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Researcher's comparison on fire ant food habits helping to find answers on control

Courtesy Texas A&M University Dept. of Entomology

Entomology Associate Professor Dr. Micky Eubanks' research is taking a global angle as he investigates the diet and foraging habits of fire ants in the United States and Argentina.

Fire ants are invasive species in the United States and native to Argentina.

For more than two years, his NSF-funded research team, which includes PhD Students Paul Lenhart and Alison Bockoven, and postdoctoral research associate Shawn Wilder, has been determining where fire ants forage and what they eat in the United States and in Argentina.

Eubanks found that fire ants in the United States are strongly attracted to sugar resources in trees and other plants. He said the source of the sugar comes from either extrafloral nectar or from honeydew produced by insects feeding on the plants. Fire ants in the United States supplement their prey diet with these plant-produced sugars.

The results Eubanks recorded in the United States were compared to similar trials that were conducted by his researchers in Argentina. The fire ants in Argentina were not feeding on the sugar-based sources in the trees and plants as in North America, but feed only on prey that they catch.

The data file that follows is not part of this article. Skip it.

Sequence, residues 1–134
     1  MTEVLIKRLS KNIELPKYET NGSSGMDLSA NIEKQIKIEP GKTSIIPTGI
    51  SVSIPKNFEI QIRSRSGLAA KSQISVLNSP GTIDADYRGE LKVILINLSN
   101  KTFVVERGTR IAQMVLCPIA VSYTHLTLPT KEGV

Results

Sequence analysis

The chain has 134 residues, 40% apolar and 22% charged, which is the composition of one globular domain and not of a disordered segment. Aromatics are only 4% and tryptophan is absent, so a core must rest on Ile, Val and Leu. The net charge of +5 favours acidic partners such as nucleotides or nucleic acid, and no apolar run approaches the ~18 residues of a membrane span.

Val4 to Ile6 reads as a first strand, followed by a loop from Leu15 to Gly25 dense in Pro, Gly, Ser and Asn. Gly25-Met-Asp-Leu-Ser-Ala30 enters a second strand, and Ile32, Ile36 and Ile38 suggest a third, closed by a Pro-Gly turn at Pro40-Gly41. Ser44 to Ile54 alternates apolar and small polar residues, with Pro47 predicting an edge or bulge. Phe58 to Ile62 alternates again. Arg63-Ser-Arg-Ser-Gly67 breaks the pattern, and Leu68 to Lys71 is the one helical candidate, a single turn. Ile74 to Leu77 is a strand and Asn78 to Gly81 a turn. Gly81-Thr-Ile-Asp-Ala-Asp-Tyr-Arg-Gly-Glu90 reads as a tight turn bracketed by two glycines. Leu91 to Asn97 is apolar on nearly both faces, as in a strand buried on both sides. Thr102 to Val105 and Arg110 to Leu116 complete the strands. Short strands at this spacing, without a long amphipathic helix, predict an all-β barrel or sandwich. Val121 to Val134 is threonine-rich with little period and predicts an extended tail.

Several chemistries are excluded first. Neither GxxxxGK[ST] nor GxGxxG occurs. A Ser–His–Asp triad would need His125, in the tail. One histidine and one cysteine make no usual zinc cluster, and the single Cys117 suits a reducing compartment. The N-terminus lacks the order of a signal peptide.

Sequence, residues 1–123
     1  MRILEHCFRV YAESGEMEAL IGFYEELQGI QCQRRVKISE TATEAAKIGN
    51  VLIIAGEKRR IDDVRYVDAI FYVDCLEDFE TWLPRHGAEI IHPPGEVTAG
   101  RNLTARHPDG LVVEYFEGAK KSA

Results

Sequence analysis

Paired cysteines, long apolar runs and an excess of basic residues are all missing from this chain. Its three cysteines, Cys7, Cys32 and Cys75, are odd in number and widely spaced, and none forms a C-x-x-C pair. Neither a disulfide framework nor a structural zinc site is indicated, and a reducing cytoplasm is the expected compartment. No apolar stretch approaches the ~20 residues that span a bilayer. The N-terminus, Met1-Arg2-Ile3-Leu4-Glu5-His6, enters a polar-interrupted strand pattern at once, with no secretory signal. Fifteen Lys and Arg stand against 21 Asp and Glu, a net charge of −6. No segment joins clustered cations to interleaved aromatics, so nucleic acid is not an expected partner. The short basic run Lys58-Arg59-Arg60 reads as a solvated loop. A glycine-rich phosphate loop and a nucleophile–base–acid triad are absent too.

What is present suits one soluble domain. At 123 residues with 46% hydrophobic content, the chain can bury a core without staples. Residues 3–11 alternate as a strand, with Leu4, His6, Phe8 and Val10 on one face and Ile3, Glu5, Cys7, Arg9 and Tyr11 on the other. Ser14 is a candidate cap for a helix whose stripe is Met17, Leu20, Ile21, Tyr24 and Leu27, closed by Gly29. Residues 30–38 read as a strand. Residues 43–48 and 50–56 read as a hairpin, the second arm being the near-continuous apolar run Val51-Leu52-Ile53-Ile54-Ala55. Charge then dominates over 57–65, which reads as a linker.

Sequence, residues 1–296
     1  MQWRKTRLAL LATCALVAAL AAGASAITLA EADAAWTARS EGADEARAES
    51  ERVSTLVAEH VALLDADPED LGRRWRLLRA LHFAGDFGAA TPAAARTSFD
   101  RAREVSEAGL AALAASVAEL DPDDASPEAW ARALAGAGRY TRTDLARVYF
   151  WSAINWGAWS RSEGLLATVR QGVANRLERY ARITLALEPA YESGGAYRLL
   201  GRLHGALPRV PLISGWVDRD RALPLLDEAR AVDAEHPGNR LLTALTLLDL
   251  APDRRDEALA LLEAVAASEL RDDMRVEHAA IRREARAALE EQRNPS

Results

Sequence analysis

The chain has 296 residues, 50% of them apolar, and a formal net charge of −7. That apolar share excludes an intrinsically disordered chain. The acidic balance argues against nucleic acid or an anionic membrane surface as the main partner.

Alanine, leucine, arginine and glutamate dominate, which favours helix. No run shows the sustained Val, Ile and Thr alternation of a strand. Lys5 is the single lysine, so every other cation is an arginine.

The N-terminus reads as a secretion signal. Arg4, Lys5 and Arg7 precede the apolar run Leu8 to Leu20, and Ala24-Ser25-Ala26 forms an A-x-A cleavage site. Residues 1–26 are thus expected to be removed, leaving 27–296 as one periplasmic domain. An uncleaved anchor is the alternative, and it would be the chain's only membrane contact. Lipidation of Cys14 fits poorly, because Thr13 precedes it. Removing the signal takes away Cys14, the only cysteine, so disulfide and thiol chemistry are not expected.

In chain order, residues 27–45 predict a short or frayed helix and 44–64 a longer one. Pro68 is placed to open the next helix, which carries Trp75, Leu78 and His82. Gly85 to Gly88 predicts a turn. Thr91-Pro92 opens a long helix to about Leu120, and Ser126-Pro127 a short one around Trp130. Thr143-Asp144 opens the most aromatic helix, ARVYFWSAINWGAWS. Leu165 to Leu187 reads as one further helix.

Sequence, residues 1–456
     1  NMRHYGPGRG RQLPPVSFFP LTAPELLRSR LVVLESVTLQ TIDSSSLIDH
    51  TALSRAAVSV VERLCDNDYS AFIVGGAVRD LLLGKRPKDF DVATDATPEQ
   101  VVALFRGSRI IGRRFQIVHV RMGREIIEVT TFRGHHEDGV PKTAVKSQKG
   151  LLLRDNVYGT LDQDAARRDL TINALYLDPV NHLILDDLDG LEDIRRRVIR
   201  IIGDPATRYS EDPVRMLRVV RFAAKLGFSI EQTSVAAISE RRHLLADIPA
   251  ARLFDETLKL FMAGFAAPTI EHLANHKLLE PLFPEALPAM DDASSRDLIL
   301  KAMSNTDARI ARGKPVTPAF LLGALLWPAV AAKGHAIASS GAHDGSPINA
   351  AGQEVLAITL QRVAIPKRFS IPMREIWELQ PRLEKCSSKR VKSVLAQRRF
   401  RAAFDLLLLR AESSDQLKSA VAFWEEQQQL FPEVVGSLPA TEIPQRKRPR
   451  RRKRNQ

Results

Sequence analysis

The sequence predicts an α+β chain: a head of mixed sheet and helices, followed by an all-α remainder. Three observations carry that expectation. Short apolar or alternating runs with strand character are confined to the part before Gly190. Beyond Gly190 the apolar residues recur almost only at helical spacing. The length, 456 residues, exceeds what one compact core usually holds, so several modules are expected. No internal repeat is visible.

Eubanks said that although ants were commonly found on trees and other plants in Argentina, the ants are almost never fire ants. Instead, other species of ants were found on trees. He observed that most of the fire ants fed on protein-rich prey that they caught on the ground.

Why were the fire ants in Argentina not after the sugar-based resources in the trees? Eubanks said that the arboreal, or tree living, ants in the region were very competitive toward fire ants. Most of the arboreal ants would defend their resources, forcing fire ants to forage for food only on the ground.

The comparisons Eubanks and his team are doing will allow other researchers to better understand what areas and which seasons fire ants will thrive and whether they prefer sugar-based or protein-based food sources. This in turn will help researchers design more attractive insecticide baits for controlling fire ants for homes and businesses.

The ultimate goal of this research is to help make a much more efficient bait that is more of a sugar-based bait that the ants may prefer more than baits that currently contain protein or lipids to attract fire ants. More attractive baits could ultimately help cut fire ant control costs by millions, he said.